Inside Asian Gaming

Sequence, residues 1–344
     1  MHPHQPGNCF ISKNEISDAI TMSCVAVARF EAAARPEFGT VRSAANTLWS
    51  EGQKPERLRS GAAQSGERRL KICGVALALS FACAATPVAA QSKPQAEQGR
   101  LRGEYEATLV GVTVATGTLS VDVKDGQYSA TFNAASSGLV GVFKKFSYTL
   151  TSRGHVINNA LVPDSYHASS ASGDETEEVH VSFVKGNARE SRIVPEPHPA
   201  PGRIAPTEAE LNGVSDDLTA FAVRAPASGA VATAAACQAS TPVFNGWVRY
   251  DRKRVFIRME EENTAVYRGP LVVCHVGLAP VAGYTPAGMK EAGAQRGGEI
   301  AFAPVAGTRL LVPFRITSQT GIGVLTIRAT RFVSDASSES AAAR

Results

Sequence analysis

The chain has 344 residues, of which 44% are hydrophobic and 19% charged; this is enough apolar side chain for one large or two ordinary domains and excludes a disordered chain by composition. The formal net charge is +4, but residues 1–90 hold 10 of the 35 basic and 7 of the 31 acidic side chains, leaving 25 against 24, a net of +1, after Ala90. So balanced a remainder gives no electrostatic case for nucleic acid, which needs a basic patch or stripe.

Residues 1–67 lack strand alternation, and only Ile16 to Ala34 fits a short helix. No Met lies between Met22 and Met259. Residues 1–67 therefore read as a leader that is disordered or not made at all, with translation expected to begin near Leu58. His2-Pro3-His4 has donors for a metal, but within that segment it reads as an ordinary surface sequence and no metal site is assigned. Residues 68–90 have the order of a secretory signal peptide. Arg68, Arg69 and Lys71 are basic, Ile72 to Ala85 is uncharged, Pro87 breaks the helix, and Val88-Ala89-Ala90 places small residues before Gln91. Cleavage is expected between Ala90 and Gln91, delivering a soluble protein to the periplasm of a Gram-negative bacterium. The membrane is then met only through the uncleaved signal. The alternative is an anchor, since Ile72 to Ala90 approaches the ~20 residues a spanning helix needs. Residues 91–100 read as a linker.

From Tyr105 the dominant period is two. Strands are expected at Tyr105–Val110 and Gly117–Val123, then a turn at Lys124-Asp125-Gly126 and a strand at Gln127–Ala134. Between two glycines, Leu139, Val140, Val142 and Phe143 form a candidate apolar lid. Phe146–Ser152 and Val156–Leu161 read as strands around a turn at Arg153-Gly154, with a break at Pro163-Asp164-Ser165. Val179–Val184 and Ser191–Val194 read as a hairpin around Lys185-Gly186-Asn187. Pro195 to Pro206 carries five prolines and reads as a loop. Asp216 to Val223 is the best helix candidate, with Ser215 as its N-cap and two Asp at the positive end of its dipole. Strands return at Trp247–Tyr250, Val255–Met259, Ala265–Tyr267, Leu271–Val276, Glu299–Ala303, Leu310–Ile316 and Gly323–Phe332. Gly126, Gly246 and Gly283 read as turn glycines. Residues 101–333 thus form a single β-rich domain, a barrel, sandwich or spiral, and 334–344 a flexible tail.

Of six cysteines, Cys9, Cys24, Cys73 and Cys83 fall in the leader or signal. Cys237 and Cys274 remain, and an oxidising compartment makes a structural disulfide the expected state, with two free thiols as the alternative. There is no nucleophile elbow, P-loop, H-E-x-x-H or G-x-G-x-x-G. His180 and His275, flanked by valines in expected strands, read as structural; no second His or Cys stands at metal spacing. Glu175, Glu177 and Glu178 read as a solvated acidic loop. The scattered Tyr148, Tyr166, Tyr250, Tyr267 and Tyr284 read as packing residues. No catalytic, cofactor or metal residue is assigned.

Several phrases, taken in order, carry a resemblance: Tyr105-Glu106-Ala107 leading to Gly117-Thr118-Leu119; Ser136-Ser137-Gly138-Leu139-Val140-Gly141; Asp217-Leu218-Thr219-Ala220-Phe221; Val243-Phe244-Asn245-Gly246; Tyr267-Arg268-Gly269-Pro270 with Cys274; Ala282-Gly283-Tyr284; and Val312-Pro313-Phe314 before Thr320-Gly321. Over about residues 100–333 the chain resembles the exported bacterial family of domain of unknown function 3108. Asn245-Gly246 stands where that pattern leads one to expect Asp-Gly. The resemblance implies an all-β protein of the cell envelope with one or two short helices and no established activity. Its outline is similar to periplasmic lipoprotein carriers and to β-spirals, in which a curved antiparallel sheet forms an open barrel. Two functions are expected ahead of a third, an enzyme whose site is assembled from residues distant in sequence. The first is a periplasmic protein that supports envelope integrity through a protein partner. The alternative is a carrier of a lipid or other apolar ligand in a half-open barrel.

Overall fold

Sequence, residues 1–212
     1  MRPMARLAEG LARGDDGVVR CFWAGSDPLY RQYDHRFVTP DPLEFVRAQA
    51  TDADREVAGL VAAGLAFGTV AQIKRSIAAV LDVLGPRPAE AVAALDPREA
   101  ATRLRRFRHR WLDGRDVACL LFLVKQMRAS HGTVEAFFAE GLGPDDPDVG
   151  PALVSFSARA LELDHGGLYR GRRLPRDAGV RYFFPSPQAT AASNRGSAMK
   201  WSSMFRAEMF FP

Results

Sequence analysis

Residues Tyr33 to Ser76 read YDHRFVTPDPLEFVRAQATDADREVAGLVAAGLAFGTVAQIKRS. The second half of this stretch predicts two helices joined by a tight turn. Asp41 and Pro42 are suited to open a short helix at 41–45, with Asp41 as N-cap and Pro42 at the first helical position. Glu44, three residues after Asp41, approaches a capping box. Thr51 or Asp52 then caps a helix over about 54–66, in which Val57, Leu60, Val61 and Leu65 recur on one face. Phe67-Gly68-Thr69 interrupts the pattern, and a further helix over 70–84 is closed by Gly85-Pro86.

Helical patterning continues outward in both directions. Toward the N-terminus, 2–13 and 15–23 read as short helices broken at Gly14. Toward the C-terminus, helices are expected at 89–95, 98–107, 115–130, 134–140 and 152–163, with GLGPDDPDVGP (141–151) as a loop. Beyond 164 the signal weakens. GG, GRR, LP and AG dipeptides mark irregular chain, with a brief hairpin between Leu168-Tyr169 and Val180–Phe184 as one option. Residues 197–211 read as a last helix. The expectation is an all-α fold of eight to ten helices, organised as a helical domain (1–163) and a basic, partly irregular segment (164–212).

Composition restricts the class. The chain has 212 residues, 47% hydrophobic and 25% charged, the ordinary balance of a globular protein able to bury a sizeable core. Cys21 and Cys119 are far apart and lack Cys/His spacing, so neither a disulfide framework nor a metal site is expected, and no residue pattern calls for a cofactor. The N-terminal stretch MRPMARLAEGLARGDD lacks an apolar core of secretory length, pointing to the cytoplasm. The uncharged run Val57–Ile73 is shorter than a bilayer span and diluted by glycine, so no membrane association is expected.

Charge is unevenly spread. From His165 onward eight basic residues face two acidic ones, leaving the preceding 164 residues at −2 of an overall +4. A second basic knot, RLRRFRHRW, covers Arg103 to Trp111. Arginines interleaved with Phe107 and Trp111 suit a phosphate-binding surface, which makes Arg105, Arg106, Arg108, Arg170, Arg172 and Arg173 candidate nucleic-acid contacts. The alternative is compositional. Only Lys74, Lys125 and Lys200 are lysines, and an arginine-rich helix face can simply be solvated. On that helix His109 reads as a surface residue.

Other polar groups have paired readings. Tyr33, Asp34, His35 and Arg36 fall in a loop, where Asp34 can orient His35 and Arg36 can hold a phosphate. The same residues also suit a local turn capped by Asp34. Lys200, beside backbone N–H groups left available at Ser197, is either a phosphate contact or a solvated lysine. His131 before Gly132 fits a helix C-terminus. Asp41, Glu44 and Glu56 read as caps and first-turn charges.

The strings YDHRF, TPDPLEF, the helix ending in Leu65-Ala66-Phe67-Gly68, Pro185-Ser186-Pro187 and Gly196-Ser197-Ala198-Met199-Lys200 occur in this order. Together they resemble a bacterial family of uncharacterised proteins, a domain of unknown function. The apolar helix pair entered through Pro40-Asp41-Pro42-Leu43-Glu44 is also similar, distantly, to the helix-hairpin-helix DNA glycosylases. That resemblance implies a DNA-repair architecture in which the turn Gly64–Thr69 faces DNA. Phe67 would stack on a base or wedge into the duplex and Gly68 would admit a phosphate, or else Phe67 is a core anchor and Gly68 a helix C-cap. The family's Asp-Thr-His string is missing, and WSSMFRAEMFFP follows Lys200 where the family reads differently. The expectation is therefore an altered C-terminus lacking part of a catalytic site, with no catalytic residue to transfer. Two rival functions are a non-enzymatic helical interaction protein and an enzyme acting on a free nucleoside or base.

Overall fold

INSIDE ASIAN GAMING | Dec 2007 44 Briefs International Briefs Genting Takes Rank Stake According to a Reuters report, Malaysian gaming giant Genting has taken 9.4% stake in the firm casino and bingo firm Rank Group, with the announcement made on December 3. Genting bought into the British casino market in 2006 when it acquired its biggest player, Stanley Leisure, for 640 million pounds (US$1.32 billion). Combining the business with Rank’s 45 casinos would see Genting become the clear leader in the UK with 91 venues in total. However, analysts say Genting would face a difficult task gaining regulatory approval for such a deal. Rank, which owns the Grosvenor Casino chain, has been tipped as a takeover target since a recent profit warning hit its shares. A ban on smoking and the forced removal of lucrative slot ma- chines has sparked a sharp decline in Rank’s bingo business while a surprise hike in taxes earlier in the year also hit casino profits hard. Media reports say Rank also rejected an offer from Harrah’s to ef- fectively swap the US gaming giant’s UK casinos for a 28% stake in Rank, while Ladbrokes and Singapore’s BIL have been cited as other potential suitors. Tropicana Could Get One Year To Clean Up Its Act The New Jersey Division of Gaming Enforcement has recom- mended that the Tropicana Casino and Resort be issued a one year license. That will give the casino one year to try and prove that it is once again running a high class operation. The casino has been under scrutiny over the past year for what former workers consider to be an understaffed and dirty casino. The casino has laid off nearly 900 employees. The casino only had 3,600 employees, meaning the cuts equalled one quarter of all employees. After Columbia Sussex took over the casino on January 3 this year, it slashed the payroll and left the casino in shambles, claims the casino’s main workers union. The Division of Gaming Enforcement has recommended to the state’s Casino Control Commission that the Tropicana only receive a one year license. Most licenses are good for five years, but given the circumstanc- es, Tropicana could get a one year license. The one year deal would allow the casino to improve its conditions before a decision is made whether to allow it to continue operating. Executives for the casino claim that the union is the cause of the problems.They also claim that the Tropicana’s problems are behind it, and that it is once again operating at a first class level. Developers Plan Spain’s Version of Vegas According to a report in the Daily Telegraph :“Europe is set to get its own version of Las Vegas in a desert region of eastern Spain where developers plan to build 32 hotel-casinos, two theme parks, a race- course and stadium over the next decade.” The project, approved in late November by the regional govern- ment of Aragon, also calls for the construction of residential areas, an equestrian centre and a golf course on just over 2,000 hectares of land in the Los Monegros desert. Tentatively called “Gran Escala”, which means large-scale, the development has a 17-billion-euro price tag that will be footed by International Leisure Development, a London-based consortium of investors. The location—half-way between Madrid and Barcelona, Spain’s second city—was selected over two other possible sites in Europe because it has good transportation links, favourable tax laws and relatively low land prices. Tourism Minister Pushes for Israel Casino As reported by the Jerusalem Post :“Casino tycoon Sheldon Adel- son, who recently launched the world’s biggest gambling complex, may have given up on hopes of establishing a casino in Israel, but TourismMinister Yitzhak Aharonovitch said he plans to push hard for a legal gambling house in the southern city of Eilat.” Mr Aharonovitch made the announcement at a meeting of the Knesset Economics Committee where he presented the ministry’s work plan for 2008. According to the report:“When Adelson, the world’s richest Jew, launched the Venetian Macau in August, he said after years of trying to open a casino here he had given up due to politics and an exhaust- ing bureaucracy.” According to Mr Aharonovitch, establishing a casino in Eilat must be done together with the building of a special police force that would be active in the casino surroundings and which would work to close down underground gambling institutions. Mr Aharonovitch is not alone in his desire for a casino in Eilat. Eilat’s Mayor Meir Yitzhak HaLevy, Chairman of Mifal Hapayis (the Is- Eilat, Israel